Let me start by making a somewhat bold claim: Josh Breezzyy is a name that should be on your radar, and you’re missing out if you aren’t tracking his career. Ever since I reviewed his Tortured Artist album, I’ve had the impression that the man has a deep conceptual creativity and an above average ability on the mic. While his latest single, “D.O.A.,” isn’t a Kendrick DAMN level of intricacy, it is definitely a reminder that Josh can hold his own with the latter.
The song isn’t anything deep or emotional. It’s a pretty straight forward “brag rap” hype song, but it lives in that space well. I asked where the inspiration for “D.O.A” came from and Josh essentially said he felt like people were sleeping on him and putting him in a box because of the tone of his last album.
“I felt everyone was getting a little comfortable and I needed to shake it up a little and show that I can do the commercial hit with ‘All I Ever Wanted,’ and RAP rap as well. Also, people were still painting me as the ‘Sad Story’ rapper after my last album, and I’m in such a great mental place right now, I wanted to get away from that label.”
Without a doubt, “D.O.A.” is a strong departure from Tortured Artist, and I think it’s real proof of the positive changes Josh has gone through. The overall vibe of the track is never too cocky or abrasive, as a lot of brag rap tends to be. Instead, it’s a song that somewhat mellows you out, but never leaves you feeling less than you felt beforehand.
The instrumental isn’t anything too complex. The melody and baseline stay the same pretty much throughout the whole track with just a few breaks here and there, but that is in no way a downside. I can think of a handful of songs just off the top of my head that had instrumentals that were too busy and cluttered, and that really ruined the potential of those songs. With “D.O.A.,” the simplicity of the beat actually allows the listener to engage more. It helps to draw you in, but doesn’t distract from the meat of song.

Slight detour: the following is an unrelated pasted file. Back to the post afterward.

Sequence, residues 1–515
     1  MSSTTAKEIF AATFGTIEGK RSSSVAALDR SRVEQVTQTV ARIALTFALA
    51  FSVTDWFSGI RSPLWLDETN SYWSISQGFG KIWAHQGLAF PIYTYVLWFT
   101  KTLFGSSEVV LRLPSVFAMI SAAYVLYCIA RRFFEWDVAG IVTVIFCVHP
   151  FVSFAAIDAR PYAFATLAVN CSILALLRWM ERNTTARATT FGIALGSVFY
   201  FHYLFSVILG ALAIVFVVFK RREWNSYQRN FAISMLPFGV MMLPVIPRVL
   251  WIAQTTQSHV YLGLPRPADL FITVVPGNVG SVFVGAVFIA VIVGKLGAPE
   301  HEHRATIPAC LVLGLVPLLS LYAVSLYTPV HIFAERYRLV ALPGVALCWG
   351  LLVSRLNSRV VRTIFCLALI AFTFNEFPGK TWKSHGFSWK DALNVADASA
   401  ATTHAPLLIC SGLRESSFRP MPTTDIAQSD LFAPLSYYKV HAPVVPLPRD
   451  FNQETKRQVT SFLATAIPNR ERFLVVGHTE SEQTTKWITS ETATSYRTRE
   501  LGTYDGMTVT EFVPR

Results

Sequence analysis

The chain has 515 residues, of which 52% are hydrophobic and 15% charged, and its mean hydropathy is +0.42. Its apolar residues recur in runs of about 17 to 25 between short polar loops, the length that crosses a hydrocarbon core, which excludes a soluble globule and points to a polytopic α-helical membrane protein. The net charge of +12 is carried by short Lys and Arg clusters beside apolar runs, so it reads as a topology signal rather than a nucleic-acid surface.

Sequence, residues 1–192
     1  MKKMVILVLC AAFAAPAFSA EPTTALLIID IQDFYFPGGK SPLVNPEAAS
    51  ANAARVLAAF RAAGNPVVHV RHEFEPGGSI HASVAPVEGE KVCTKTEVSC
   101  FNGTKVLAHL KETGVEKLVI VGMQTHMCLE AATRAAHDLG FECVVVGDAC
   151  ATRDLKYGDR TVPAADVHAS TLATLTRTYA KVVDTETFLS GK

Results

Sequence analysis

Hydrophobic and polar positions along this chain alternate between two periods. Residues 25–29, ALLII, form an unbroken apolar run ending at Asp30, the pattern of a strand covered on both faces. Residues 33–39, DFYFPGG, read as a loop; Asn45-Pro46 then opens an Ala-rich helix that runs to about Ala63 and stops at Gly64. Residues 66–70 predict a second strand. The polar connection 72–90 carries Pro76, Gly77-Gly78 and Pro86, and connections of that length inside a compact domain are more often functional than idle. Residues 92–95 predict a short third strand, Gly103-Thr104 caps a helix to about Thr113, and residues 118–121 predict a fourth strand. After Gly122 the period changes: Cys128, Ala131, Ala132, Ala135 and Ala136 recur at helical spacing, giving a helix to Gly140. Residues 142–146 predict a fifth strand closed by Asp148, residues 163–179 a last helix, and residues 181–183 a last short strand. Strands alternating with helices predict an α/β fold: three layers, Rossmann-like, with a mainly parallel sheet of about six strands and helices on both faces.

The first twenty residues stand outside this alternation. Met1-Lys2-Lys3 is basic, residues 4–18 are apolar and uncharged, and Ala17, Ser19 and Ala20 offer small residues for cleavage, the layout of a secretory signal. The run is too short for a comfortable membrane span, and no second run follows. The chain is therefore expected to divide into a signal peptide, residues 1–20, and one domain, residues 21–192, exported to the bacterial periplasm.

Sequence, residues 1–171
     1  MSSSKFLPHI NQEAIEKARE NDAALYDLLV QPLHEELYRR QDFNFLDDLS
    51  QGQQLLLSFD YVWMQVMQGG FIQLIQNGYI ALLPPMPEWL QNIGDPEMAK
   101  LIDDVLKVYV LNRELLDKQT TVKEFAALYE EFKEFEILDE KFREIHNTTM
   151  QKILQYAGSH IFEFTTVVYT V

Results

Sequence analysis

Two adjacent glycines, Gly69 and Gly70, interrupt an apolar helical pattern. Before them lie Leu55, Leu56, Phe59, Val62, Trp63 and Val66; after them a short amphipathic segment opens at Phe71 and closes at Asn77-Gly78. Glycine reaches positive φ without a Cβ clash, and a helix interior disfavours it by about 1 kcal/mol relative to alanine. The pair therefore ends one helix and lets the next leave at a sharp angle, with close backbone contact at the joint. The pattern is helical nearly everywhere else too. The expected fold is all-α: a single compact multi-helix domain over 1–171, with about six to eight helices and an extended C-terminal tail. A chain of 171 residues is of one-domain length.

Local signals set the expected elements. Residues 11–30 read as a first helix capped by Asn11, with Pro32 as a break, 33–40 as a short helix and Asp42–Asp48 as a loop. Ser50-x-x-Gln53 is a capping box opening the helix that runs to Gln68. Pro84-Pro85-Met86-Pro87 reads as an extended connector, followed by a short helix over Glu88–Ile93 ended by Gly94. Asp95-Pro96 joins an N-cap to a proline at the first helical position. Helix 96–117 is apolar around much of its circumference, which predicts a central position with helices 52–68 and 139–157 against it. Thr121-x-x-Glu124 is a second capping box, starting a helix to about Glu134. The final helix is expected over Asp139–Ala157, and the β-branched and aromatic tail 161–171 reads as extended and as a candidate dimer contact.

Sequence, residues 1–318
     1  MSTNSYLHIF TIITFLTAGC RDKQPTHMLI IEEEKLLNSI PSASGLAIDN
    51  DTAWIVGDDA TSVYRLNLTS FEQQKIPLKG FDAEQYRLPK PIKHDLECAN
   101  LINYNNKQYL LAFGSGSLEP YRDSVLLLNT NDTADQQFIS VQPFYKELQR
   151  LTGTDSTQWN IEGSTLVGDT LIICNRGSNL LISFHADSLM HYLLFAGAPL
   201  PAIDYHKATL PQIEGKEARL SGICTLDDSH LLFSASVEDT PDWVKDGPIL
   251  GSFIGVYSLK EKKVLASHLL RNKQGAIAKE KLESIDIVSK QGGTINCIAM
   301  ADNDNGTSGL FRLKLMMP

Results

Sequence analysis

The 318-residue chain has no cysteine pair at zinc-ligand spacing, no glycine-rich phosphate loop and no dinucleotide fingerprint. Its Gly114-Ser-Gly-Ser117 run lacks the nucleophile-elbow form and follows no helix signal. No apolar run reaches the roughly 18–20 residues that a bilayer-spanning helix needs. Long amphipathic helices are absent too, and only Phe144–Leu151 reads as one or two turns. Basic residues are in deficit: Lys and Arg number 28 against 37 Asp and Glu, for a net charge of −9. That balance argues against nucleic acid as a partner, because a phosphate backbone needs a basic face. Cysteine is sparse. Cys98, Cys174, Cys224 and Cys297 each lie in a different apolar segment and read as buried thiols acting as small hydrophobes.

Although I don’t think this is Josh’s best lyrical performance, he’s not one to slouch when it comes to bars, and his flow is precise and clean. I didn’t think so during the first verse upon my initial listen, but the more I heard the song, the cleaner it got. Josh has some nice flow switches, a couple really nice bars, and a strong presence on the track from start to finish, making this single surprisingly replayable.
Overall, I’d say this song is a great song to tide over Josh’s fans until he decides to put out his next album, and if you don’t fall into that category, maybe “D.O.A” will sway your mind. If you disagree, then that’s on you, but don’t say I never told you so when his name is popping up in the future.
Highlights: Energy, Flow, Production